Upstream, long-term and visionary thinking

Violence-free Workplaces

Too many workplaces still have not communicated the message that workplace violence in all its forms, including harassment and bullying, is not to be tolerated. Disparity in compensation also remains a serious concern with nurses who work in public health and community settings being unfairly paid less than their hospital-based colleagues. With an aging RN workforce – 27.7 per cent of RNs in 2009 were over the age of 54 – the challenge is two-fold: how to retain experienced nurses while attracting greater numbers of students to the profession. The answer is to create thriving work environments and career paths for nurses in Ontario.

 

RNAO Recommendations

Secure Violence-Free Workplaces

  1. Strengthen the Occupational Health and Safety Act to adopt an inclusive and evidence-based definition of workplace violence such as the one incorporated in RNAO’s Preventing and Managing Violence in the Workplace Healthy Work Environment Best Practice Guideline: “Incidents in which a person is threatened, abused or assaulted in circumstances related to their work… This definition would include all forms of harassment, bullying, intimidation, physical threats or assaults, robbery, and other intrusive behaviours.”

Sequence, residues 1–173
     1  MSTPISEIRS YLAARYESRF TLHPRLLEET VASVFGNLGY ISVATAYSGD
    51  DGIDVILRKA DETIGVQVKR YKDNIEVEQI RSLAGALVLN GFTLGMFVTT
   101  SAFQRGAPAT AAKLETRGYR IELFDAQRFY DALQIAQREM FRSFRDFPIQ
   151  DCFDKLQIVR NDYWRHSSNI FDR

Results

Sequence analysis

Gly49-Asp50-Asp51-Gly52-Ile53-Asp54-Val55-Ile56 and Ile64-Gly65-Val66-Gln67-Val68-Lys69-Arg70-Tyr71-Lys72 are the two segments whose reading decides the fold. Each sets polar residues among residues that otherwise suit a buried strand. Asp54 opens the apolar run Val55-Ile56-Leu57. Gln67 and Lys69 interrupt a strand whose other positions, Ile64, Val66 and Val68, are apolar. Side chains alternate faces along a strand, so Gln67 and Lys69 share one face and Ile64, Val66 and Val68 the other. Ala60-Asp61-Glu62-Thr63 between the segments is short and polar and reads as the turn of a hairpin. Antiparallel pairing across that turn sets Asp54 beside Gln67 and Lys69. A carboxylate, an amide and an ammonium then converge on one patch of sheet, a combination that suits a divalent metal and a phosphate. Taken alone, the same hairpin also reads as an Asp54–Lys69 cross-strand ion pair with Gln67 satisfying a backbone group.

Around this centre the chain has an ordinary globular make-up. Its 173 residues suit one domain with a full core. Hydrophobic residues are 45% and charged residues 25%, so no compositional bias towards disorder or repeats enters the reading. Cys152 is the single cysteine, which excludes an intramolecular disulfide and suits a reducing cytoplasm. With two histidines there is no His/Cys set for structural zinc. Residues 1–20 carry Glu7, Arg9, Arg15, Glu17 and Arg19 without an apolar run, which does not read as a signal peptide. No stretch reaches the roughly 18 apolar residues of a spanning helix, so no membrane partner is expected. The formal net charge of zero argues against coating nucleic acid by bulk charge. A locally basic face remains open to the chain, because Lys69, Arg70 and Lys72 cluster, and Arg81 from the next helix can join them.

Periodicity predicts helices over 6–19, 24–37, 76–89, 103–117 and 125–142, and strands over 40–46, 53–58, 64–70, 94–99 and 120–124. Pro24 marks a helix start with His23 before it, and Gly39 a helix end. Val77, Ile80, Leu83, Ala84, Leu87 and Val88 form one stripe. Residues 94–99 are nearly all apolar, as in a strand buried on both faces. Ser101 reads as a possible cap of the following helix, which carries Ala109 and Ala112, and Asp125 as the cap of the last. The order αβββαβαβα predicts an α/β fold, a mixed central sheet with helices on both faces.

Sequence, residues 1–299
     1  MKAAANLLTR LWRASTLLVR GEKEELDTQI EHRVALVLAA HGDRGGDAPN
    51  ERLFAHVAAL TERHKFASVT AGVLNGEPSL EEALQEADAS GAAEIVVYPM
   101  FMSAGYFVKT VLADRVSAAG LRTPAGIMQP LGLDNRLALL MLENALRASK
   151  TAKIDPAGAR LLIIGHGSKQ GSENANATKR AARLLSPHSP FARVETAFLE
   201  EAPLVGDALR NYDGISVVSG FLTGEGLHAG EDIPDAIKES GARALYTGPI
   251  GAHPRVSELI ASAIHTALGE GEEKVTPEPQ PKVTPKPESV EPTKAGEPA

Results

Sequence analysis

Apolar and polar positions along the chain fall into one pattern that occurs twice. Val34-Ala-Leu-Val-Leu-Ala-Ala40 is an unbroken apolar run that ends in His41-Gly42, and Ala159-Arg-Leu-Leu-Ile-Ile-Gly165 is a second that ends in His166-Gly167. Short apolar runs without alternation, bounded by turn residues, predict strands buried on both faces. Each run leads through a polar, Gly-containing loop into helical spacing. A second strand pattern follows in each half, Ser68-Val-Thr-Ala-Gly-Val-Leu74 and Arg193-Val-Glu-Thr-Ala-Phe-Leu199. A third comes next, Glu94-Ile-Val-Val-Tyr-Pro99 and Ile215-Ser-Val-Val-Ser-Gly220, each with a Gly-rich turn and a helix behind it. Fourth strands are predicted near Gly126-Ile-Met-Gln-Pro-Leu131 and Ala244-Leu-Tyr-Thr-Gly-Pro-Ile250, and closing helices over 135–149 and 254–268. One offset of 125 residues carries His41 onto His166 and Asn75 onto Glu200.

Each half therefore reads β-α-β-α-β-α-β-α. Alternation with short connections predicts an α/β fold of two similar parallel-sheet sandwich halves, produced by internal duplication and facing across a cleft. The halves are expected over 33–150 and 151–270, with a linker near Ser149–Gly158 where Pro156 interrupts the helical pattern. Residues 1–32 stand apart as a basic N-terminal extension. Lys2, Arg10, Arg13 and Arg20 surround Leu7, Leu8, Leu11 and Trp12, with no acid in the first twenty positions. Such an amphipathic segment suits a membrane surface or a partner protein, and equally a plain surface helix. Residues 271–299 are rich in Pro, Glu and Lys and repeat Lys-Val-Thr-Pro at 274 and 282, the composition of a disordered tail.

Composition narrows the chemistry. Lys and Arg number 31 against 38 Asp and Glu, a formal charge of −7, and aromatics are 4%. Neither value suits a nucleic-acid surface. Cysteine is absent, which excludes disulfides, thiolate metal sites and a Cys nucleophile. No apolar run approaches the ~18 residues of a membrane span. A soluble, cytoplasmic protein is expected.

2. Protect those who report incidents or potential incidents of violence in the workplace with explicit whistleblower legislation.
  3. Equalize power bases, which is a key contributor to workplace violence. This includes amending the Public Hospitals Act to transform Medical Advisory Committees into Inter-professional Advisory Committees, which would allow all health-care providers to participate fully and equally in creating a healthy work environment and excellence in patient care.